# Thread: P-value and Degrees of Freedom

1. ## P-value and Degrees of Freedom

Hello. For the question below I can get

2. It's a well-documented fact that the world over, 55% of the population prefers
Coke and 45% prefer Pepsi. Rumour had it that in Quebec, less than 55% of the
population prefers Coke, so an enterprising anthropologist went there to investigate.
He found, in a simple random sample, that 505 out of 1001 people preferred Coke.
Using these data, test the hypothesis that the proportion of people that prefer Coke
in Quebec is less than 0.55.

Null p=0.55
Alt p< 0.55

From the equation I got -2.89

and then my prof got the p-value.
p-value = 0.0019

I don't understand how he got the p-value.

Thank you!

2. Originally Posted by lou.loubunny
Hello. For the question below I can get

2. It's a well-documented fact that the world over, 55% of the population prefers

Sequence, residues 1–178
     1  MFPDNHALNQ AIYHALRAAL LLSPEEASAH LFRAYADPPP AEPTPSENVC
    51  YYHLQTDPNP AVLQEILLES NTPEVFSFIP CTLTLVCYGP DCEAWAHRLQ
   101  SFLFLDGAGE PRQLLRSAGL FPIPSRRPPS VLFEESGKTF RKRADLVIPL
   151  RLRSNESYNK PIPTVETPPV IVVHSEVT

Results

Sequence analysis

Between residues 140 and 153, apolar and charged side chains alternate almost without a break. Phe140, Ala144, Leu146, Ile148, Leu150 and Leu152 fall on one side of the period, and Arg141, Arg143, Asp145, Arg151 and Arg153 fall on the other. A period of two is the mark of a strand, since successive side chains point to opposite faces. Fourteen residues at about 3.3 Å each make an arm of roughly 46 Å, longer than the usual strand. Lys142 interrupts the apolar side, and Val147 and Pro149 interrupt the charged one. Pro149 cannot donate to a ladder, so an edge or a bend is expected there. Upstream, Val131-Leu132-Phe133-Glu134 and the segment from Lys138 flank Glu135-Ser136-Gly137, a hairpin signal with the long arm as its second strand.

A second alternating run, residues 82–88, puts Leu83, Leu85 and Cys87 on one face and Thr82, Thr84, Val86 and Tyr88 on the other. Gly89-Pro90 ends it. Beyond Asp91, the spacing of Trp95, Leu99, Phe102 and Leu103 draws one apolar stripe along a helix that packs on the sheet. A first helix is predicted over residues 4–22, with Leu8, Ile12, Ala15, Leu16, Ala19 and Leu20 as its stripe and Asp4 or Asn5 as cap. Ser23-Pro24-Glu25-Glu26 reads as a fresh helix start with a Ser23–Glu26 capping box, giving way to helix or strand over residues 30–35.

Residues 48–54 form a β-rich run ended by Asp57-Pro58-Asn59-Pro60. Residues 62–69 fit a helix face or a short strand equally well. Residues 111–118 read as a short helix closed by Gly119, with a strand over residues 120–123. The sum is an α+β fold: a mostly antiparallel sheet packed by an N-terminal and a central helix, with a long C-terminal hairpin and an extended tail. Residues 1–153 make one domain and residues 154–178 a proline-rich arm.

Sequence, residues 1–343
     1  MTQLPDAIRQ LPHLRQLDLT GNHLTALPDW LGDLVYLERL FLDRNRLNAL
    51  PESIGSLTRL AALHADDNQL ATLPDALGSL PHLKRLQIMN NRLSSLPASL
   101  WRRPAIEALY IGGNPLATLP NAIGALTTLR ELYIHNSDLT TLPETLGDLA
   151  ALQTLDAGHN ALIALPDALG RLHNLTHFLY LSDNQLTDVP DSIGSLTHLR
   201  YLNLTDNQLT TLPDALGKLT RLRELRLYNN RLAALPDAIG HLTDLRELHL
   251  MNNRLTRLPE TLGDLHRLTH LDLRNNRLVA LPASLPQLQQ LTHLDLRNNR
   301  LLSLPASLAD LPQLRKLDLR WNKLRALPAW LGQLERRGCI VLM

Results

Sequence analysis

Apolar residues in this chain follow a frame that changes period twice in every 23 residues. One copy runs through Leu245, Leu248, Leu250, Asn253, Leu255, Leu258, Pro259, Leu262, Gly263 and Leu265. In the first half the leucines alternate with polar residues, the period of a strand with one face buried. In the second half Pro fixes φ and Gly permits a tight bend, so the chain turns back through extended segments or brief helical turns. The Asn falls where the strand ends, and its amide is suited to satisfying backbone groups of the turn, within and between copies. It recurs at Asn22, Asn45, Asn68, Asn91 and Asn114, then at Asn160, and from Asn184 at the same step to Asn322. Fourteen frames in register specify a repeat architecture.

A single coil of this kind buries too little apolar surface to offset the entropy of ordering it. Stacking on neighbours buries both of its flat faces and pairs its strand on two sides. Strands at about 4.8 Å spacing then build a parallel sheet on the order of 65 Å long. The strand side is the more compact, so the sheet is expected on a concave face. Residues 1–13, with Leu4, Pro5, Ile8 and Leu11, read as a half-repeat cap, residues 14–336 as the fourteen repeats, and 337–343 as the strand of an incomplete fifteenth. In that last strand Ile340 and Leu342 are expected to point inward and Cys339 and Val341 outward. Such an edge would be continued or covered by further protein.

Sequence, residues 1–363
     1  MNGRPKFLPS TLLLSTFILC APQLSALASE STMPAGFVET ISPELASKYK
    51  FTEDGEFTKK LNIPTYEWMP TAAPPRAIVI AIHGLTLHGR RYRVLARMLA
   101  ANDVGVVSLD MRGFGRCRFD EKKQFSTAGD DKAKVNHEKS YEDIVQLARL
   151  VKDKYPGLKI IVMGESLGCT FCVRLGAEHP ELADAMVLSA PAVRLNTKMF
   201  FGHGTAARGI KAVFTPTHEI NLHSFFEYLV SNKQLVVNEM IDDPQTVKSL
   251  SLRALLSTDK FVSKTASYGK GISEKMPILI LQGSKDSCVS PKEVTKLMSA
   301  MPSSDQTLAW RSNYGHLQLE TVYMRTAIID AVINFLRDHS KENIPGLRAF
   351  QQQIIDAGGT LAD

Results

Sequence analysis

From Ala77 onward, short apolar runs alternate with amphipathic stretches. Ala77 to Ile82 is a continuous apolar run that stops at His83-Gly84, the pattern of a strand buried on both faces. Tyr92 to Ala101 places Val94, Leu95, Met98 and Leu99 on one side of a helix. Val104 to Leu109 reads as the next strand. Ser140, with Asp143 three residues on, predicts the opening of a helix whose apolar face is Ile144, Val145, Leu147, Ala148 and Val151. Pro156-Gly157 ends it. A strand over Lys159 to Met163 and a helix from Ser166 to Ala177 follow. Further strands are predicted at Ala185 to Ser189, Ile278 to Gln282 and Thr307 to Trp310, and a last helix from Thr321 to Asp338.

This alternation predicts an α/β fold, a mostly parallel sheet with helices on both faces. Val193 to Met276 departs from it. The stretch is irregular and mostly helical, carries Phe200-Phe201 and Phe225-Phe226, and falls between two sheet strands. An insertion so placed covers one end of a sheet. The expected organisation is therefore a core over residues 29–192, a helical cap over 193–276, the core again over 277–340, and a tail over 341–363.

Coke and 45% prefer Pepsi. Rumour had it that in Quebec, less than 55% of the
population prefers Coke, so an enterprising anthropologist went there to investigate.
He found, in a simple random sample, that 505 out of 1001 people preferred Coke.
Using these data, test the hypothesis that the proportion of people that prefer Coke
in Quebec is less than 0.55.

Null p=0.55
Alt p< 0.55

From the equation I got -2.89

and then my prof got the p-value.
p-value = 0.0019

I don't understand how he got the p-value.

Thank you!
He looked a z-score of -2.89 up in a table of the cumulative standard normal distribution (or rather he looke up a z-score of 2.89 and subtracted the p-value of that from 1 (or 0.5 depending on the form of the table))

Here the normal distribution is appropriate as we are dealing with large sample statistics.

CB